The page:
Question Evolution

by Gregory Koukl

Evolution is dancing on the Titanic

The current evolution/creation controversy is based on two fundamental errors. First, the issue is cast as a conflict between the indisputable facts of science and the dogmatic faith of religious fundamentalists. Second, two entirely different definitions of science are used interchangeably, obscuring the true nature of the discussion.

Facts vs. Faith

Douglas Futuyma opens Science on Trial, his compelling polemic against creationism, with these words: “Fifty-seven years after the Scopes trial, fundamentalist religion and evolutionary biology are again fiercely at odds, and science is still on trial.” Douglas Futuyma, Science on Trial: The Case for Evolution (Sunderland, MA: Sinauer Associates Inc., 1983), p. 4.

Futuyma’s words echo the sentiments of the academic rank and file: Creationists are obscurantist flat-earthers whose commitment to superstition keeps them in darkness. The verdict of science is clear. Darwinian evolution is an indisputable fact. This characterization is simply false.

Following the complete failure of the Origin of Life Conference in Berkeley in the late 80’s to produce a plausible scenario for how life itself chemically evolved, Dr. Robert Shapiro wrote a book entitled, Origins: A Skeptic’s Guide to the Creation of Life on Earth. (“Creation” here refers to biochemical evolution.) Shapiro is an educated skeptic, an eminent chemist from New York University and an expert in his field. In his book he decimates the reigning ideas of how life could have evolved from non-life.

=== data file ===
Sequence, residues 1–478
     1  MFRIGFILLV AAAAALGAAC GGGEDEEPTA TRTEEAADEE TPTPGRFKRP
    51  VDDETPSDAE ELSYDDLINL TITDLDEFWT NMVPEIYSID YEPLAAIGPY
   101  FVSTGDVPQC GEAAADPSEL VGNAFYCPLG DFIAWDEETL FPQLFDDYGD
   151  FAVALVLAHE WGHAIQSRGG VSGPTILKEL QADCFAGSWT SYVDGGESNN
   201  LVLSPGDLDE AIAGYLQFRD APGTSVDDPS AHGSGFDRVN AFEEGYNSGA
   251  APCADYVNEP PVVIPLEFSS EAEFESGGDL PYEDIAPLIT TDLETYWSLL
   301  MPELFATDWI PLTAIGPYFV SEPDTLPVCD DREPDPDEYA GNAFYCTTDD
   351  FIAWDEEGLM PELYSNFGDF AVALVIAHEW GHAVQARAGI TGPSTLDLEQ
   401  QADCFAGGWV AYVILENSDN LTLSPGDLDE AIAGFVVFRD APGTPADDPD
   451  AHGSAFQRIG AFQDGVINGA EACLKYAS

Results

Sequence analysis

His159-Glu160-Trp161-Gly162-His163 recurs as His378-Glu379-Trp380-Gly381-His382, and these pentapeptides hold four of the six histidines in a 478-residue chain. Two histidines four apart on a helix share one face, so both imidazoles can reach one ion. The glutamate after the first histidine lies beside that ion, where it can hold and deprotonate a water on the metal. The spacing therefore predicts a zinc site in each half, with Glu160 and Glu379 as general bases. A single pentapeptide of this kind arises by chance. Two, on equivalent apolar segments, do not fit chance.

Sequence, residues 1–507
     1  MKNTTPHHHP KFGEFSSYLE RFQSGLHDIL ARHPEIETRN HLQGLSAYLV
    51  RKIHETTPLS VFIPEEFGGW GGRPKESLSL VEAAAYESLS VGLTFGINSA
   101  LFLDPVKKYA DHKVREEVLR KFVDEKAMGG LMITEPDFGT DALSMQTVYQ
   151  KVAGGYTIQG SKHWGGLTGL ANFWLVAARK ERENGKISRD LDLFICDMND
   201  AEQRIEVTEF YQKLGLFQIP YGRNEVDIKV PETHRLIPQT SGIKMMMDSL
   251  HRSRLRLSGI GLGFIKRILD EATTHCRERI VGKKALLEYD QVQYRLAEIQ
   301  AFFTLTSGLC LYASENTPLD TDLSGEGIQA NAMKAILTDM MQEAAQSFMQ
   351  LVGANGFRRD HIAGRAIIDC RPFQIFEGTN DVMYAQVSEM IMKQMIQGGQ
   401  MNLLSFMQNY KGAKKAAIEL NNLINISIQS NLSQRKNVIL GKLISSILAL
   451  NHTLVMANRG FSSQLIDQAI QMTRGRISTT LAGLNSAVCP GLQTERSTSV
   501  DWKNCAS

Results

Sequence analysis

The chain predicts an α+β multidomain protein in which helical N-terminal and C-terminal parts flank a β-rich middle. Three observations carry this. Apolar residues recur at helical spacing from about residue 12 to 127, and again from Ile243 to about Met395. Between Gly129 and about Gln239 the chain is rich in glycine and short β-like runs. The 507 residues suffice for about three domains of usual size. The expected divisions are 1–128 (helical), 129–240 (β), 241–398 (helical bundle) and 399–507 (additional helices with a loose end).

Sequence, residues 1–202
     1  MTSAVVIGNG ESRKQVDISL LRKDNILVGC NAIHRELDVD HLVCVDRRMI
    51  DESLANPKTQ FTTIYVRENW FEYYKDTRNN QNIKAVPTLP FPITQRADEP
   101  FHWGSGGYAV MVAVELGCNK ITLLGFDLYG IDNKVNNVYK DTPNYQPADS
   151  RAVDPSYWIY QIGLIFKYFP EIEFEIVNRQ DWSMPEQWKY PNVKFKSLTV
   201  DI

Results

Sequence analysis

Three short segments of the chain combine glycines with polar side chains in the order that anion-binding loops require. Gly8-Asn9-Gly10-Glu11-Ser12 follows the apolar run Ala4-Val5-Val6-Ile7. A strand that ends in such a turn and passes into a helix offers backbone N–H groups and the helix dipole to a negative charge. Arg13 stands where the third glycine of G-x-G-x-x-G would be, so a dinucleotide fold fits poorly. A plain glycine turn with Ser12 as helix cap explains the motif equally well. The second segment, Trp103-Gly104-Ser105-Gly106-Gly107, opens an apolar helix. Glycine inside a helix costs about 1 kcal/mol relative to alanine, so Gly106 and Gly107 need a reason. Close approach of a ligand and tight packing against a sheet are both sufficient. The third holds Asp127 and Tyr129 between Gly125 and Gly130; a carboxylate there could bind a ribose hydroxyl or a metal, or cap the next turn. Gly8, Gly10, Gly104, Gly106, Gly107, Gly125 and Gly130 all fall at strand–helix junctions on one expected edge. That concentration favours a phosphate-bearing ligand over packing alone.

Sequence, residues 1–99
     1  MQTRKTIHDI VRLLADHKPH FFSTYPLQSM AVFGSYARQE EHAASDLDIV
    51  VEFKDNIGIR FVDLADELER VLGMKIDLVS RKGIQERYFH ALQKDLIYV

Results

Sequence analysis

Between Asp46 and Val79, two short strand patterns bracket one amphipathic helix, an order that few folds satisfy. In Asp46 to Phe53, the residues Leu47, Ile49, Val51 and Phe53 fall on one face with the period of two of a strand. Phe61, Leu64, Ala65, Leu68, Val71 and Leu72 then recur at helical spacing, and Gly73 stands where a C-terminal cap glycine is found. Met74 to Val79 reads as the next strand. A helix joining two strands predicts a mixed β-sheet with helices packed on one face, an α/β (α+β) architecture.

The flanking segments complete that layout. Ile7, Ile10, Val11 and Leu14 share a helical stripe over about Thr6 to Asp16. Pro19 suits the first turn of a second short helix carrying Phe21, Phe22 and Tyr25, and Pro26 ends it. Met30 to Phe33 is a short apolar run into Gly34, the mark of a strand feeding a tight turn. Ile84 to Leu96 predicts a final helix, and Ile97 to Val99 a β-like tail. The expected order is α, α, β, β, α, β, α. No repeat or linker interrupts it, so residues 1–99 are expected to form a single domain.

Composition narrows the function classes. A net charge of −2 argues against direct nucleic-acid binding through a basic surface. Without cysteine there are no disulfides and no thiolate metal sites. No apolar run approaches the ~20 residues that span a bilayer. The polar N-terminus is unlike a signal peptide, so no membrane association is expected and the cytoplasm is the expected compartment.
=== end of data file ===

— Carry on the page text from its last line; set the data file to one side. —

Michael Denton wrote Evolution: A Theory in Crisis to show that the original scientific objections to evolution that faced Darwin–and were argued powerfully by his contemporaries–still apply after more than 100 years of scientific research and progress.

Both of these books were written by non-religious people raising scientific objections to evolution. Shapiro remains an evolutionist, hoping that the future will turn up more evidence for biochemical evolution than the past has been able to produce. Denton ends his analysis with this statement: “The Darwinian theory is the great cosmogenic myth of the twentieth century,” and then adds, “like the Genesis-based cosmology which it replaced.”

You have no friends of religion here. These men are inside of the established scientific community, not outside of it. Yet each offers scientifically rigorous and compelling arguments against the idea that known natural processes are adequate to explain the biological complexity of our world…

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